Skip To Content Skip To Menu Skip To Footer

Faculty Profile

Sharon Kingston

(she/her/hers)Associate Professor of Psychology (2009)

Contact Information

kingstos@dickinson.edu

Kaufman Hall Room 170
717.245.1076

Bio

Sharon Kingston is a clinical community psychologist. Her research interests include neighborhood effects on individual and family well-being with particular emphasis on identifying aspects of successful parenting in high-risk urban neighborhoods, prevention and health promotion in low-income communities and factors related to early initiation of substance use among children and adolescents.

Education

  • B.A., State University of New York at Purchase, 1989
  • M.A., University of Rhode Island, 1996
  • Ph.D., 2001

2022-2023 Academic Year

Fall 2022

FYSM 100 First-Year Seminar
The First-Year Seminar (FYS) introduces students to Dickinson as a "community of inquiry" by developing habits of mind essential to liberal learning. Through the study of a compelling issue or broad topic chosen by their faculty member, students will: - Critically analyze information and ideas - Examine issues from multiple perspectives - Discuss, debate and defend ideas, including one's own views, with clarity and reason - Develop discernment, facility and ethical responsibility in using information, and - Create clear academic writing The small group seminar format of this course promotes discussion and interaction among students and their professor. In addition, the professor serves as students' initial academic advisor. This course does not duplicate in content any other course in the curriculum and may not be used to fulfill any other graduation requirement.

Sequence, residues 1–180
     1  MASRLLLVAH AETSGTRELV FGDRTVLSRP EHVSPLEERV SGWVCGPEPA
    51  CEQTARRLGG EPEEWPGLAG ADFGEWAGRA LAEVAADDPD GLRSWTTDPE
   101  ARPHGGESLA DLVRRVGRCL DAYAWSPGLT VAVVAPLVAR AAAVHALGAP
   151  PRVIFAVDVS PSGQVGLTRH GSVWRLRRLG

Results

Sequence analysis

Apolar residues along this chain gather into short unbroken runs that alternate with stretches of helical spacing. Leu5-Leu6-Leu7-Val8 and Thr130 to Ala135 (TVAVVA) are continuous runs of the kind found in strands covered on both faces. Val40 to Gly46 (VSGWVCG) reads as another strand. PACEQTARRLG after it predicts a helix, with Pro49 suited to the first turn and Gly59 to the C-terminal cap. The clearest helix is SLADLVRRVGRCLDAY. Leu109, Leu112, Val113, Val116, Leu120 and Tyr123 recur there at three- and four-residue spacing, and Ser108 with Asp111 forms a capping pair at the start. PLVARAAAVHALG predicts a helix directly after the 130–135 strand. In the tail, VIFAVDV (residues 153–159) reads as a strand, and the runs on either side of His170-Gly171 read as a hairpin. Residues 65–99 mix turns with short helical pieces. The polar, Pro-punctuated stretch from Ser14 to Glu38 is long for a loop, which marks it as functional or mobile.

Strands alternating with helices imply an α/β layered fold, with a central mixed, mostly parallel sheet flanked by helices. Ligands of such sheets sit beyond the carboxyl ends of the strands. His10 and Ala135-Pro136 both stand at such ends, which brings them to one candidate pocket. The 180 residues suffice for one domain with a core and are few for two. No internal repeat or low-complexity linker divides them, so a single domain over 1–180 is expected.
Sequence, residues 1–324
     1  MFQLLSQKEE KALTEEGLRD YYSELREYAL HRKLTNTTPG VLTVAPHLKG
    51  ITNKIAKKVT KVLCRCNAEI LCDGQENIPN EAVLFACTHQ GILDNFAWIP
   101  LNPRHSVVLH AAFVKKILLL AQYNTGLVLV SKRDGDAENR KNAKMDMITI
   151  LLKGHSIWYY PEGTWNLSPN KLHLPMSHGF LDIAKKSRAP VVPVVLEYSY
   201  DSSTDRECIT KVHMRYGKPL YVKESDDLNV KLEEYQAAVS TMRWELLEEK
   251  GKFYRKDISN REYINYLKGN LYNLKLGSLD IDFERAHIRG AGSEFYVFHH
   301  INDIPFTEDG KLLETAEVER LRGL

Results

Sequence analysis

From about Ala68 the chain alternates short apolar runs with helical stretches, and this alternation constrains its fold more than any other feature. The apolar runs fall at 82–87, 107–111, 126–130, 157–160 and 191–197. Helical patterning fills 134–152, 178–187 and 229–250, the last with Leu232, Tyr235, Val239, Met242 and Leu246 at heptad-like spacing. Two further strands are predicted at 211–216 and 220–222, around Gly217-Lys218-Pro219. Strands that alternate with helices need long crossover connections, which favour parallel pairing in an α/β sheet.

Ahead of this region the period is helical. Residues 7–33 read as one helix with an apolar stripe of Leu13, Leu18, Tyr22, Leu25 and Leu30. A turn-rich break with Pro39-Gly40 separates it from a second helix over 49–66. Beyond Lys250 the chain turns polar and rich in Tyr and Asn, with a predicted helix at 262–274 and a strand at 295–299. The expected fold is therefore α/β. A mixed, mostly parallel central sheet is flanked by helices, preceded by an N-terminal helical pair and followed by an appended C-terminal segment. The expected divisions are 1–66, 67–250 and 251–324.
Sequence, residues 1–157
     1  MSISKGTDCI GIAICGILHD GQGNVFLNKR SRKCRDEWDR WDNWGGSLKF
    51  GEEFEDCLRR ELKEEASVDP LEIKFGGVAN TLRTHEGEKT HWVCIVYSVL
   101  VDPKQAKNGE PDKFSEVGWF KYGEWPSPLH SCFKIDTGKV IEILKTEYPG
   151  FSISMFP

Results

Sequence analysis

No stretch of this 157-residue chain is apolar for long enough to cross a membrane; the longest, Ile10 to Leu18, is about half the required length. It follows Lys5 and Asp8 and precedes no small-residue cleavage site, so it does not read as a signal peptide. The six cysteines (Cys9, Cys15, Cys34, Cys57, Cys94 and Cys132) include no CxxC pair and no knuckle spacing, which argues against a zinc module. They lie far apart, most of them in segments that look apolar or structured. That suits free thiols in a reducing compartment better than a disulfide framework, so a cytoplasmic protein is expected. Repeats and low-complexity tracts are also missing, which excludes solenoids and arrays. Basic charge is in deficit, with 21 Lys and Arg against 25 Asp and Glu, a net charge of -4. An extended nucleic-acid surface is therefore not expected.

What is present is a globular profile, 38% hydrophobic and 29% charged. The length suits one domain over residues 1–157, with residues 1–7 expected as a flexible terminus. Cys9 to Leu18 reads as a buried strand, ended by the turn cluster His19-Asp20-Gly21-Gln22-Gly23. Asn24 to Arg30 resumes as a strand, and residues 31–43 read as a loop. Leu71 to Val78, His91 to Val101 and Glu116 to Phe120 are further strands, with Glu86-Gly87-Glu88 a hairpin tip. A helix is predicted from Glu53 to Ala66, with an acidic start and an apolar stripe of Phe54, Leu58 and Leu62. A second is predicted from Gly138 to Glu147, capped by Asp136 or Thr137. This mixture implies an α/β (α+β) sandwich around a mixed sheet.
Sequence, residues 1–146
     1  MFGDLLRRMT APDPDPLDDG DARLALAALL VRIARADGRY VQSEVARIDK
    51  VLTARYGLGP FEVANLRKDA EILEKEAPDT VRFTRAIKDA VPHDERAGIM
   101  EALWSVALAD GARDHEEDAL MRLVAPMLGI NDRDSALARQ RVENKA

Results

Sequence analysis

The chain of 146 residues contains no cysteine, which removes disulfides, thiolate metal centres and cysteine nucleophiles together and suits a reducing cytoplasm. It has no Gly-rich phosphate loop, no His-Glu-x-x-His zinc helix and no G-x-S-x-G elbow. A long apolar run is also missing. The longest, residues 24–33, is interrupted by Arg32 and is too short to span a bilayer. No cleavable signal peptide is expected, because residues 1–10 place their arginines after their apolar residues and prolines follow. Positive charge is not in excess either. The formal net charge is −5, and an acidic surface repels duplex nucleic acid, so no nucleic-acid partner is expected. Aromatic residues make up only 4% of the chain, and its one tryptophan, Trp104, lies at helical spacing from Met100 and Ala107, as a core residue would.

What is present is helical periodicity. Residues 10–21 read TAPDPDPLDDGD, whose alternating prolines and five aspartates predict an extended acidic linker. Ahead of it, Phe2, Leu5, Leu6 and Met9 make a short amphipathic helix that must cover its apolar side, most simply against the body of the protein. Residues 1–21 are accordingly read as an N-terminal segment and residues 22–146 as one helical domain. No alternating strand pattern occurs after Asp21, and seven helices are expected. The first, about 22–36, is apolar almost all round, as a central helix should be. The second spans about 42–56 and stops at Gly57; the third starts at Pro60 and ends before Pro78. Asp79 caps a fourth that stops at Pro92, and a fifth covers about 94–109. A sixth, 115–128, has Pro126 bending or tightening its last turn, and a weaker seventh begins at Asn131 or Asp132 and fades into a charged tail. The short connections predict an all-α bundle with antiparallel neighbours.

PSYC 125 Brain and Behavior w/Lab
This course will introduce the structure and function of the brain as it influences human behavior. The level of study will be from a molar viewpoint, and findings from such fields as neuroanatomy, neurophysiology, and endocrinology will be considered in their relation to a number of behavioral processes. In the laboratory, students will engage in hand-on activities to explore brain anatomy, behavioral analysis and brain-behavior relationships. This course is a Health Studies elective. Three hours classroom and three hours laboratory a week.

PSYC 155 Hum Dev: Concept thru Adolesc
This course will provide an introduction to the principles, theories, and research methods of lifespan developmental psychology from prenatal development and birth through adolescence (0 - 18 years old). It will focus on how individuals develop physically, cognitively, socially, and emotionally at each stage of the early part of the lifespan — infancy, childhood, adolescence – and the role of context (e.g., gender, race/ethnicity, culture, family, peers, schools, neighborhoods) in shaping development. Finally, we will explore how developmental psychology can contribute toward improving lives and inform solutions to social problems.

PSYC 165 Psychopathology
An introduction to various psychological disorders and techniques of diagnosis and treatment. Relevant for students who anticipate careers in medicine, law, and the social or psychological services. This course is a Health Studies elective.

HEST 400 Senior Sem in Health Studies
The Senior Seminar in Health Studies is an interdisciplinary, topics driven course, with specific foci dependent upon the specialization(s) of the instructor. Students will survey the relevant literatures of at least two disciplines; identify specific problems or topics; complete a research project based on secondary and/or primary sources; and offer a final presentation of interdisciplinary work (in the forms of academic papers, oral presentations, or some other creative project (including film, narrative, performance, etc.). Prerequisite: 201 and at least two other courses in Health Studies (as accepted by Health Studies Coordinator), or permission of instructor.Normally offered fall semester.